Science & Environment

Paris climate deal could 'displace millions of forest dwellers'

forest Image copyright SPL
Image caption Protecting forests is a major goal of the Paris climate agreement, but it may have a big impact on forest dwellers

The Paris climate agreement could make millions of forest dwellers homeless, according to a new analysis.

Many developing countries will try to curb carbon emissions by setting aside forested areas as reserves.

But experts are worried that creating national parks often involves removing the people who live in these areas.

The study indicated designating forest reserves in Liberia and the Democratic Republic of Congo could displace as many as 1.3 million people.

With funding from Norway, Liberia has proposed 30% of their forests become protected areas by 2020.

DR Congo, funded by Germany and the Global Environmental Facility, aims to set aside 12-15% of their forested lands.

Consultants TMP Systems concluded:

  • In Liberia, up to 335,000 forest dwellers could be affected
  • In DR Congo, it could be as many as one million

"Governments have targets to expand their protected areas, and now with new climate funding being available the risk is they will use this to expand in a way that doesn't respect local rights," said Andy White, from the Rights and Resources Initiative, the campaign group that sponsored the research.

"It could result in the displacement of millions of people."

Making matters worse

Analysts say that this type of displacement has already happened in sub-Saharan Africa, South East Asia and Latin America, and sometimes caused violent conflict.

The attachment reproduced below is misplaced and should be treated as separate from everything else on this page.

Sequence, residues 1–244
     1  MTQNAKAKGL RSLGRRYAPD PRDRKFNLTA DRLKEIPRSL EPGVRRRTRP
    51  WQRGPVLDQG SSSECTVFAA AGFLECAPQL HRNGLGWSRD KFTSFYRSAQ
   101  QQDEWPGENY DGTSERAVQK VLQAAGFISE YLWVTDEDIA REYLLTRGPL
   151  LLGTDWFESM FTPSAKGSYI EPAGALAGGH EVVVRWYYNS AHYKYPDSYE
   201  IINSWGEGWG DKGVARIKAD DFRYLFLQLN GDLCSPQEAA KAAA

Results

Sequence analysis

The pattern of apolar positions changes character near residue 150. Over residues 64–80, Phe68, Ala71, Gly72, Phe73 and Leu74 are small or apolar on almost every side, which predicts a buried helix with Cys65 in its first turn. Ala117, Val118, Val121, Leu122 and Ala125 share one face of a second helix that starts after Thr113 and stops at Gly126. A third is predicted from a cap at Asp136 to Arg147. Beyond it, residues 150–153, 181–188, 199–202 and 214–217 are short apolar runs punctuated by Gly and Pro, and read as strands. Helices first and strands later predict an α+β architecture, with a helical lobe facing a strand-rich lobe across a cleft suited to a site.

"I don't think the international community wants to displace rural dwellers in Liberia - but I think if we go about it in the way we are talking about it right now, that is going to be the result," said Constance Teague, from Liberia's Sustainable Development Institute.

Image copyright Getty Images
Image caption A Liberian points to an ancestral tomb, once surrounded by forest but removed for a palm-oil plantation

"We need to recognise that indigenous communities respect the forest and they have worked on [it] for hundreds of years.

"It may not look like what the international community may expect, but this effort to conserve the land does exist."

Liberia had the largest forest space left in West Africa, largely because of the indigenous communities, she added.

The report also looks into the costs of compensating people for the loss of their lands in both Liberia and DR Congo, which range from $200m (£137m) to more than £1bn.

The main argument for setting up reserves is to:

  • protect the lands from deforestation
  • limit emissions
  • preserve the carbon in the trees

And Mr White said: "We need to make evidence available that makes it clear that the woods are full of people, and it makes more sense to help them rather than kick them out.

"Where indigenous peoples rights are protected, and they are able to use their forests for their own livelihoods, they have more carbon per hectare than protected areas.

"They are active protectors, you don't have to pay a park guard, because they protect their forests, and that is what the world needs."

Some 1.5 billion indigenous people inhabit or claim most of the land in the world - but, according to a study released last year, they have legal rights to just 10%.

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